MainNews -

WSJ on Istanbul talks: Grain could ship from three Ukrainian ports in convoys

The agreement hinges on Putin's consent.

WSJ on Istanbul talks: Grain could ship from three Ukrainian ports in convoys
Photo: EPA/UPG

Officials from Russia, Ukraine, Turkey, and the United Nations agreed on key aspects of a plan to resume exports of Ukrainian grain through the Black Sea, senior Turkish and UN leaders said, according to the Wall Street Journal.

At a meeting in Istanbul, officials from the four parties agreed to establish a coordination centre in Istanbul where their representatives would oversee outbound shipments of grain, Turkey's defence minister said.

Officials said that the talks concluded with an agreement on broad parameters of how grain can again be exported through Ukraine’s Black Sea ports, but cautioned that any deal still needs to be signed off by Russian President Vladimir Putin, according to a Western official.

Officials believe this could happen when the Russian leader meets Turkish President Recep Tayyip Erdogan next week in Tehran.

Under the broad agreement reached Wednesday, grain could ship from three Ukrainian ports in convoys escorted by Ukrainian vessels, with a cease-fire to protect vessels within geographical limits and some minesweeping, a person familiar with the talks said.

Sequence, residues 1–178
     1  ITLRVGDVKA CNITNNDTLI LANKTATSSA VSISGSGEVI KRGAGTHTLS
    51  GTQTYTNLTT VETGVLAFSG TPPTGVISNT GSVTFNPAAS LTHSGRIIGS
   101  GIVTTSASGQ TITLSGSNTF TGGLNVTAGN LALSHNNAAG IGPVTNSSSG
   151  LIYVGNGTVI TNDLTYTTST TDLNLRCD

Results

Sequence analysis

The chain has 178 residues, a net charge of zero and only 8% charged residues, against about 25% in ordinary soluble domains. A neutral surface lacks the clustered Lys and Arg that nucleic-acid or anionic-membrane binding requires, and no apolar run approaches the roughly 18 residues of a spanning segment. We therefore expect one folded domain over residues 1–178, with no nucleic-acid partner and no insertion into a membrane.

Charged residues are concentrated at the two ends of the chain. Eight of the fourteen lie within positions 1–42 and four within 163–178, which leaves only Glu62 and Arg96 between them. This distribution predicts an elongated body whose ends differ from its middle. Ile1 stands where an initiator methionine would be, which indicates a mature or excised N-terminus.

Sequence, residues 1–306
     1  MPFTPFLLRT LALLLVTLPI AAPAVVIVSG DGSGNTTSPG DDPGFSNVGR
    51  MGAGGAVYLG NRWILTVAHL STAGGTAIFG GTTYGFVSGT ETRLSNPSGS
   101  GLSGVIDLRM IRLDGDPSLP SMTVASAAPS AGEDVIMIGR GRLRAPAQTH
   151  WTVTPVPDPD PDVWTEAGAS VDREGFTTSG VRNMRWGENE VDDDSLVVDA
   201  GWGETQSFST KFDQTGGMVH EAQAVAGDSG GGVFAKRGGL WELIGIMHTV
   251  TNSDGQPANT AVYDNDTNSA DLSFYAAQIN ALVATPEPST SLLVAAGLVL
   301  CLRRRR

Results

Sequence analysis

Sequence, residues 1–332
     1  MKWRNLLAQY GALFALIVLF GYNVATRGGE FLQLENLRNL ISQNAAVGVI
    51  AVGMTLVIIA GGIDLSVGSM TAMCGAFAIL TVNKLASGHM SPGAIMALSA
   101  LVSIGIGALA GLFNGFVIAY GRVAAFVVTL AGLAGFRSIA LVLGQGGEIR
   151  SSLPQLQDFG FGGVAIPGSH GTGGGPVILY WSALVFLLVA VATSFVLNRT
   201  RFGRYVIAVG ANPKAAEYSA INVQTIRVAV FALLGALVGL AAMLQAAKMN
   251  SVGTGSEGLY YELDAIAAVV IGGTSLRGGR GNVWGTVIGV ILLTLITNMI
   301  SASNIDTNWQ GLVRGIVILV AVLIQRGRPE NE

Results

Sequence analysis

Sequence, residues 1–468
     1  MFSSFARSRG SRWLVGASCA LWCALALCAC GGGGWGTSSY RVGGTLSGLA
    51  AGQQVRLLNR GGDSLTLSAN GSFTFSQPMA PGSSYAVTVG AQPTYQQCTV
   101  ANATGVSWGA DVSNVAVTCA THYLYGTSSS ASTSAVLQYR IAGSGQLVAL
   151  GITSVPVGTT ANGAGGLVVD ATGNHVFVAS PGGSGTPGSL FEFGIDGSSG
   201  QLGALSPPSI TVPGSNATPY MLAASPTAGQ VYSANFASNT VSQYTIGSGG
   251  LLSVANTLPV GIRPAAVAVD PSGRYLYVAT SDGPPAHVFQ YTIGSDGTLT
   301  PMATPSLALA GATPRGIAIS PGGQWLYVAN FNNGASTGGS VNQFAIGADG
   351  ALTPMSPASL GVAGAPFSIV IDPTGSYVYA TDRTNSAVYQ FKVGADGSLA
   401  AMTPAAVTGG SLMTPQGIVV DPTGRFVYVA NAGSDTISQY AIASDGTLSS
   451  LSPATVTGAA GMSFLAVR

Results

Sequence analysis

The Turkish navy would inspect empty ships arriving at Ukrainian ports to address concerns from Russia that the vessels could be used to transport Western arms to Kyiv’s forces. The UN will establish a command and control centre in Istanbul to monitor threat levels to the shipping.

Technical details remain to be ironed out, including how mines laid around Ukrainian ports will be cleared, the person familiar with the talks said. Ukraine had originally told the UN that a safe passage could be charted through their minefields, but so-called floating mines will also have to be cleared, the Western official said.

Yoruk Isik, an Istanbul-based maritime expert tracking the talks, said at least a couple of weeks of demining would be needed before a corridor could open and minesweepers would be needed to work around the clock on the corridor. He said one solution to Ukraine’s security concerns would be to station a Turkish or Romanian warship near the port city of Odessa.


Read news on social networks Facebook, Twitter and Telegram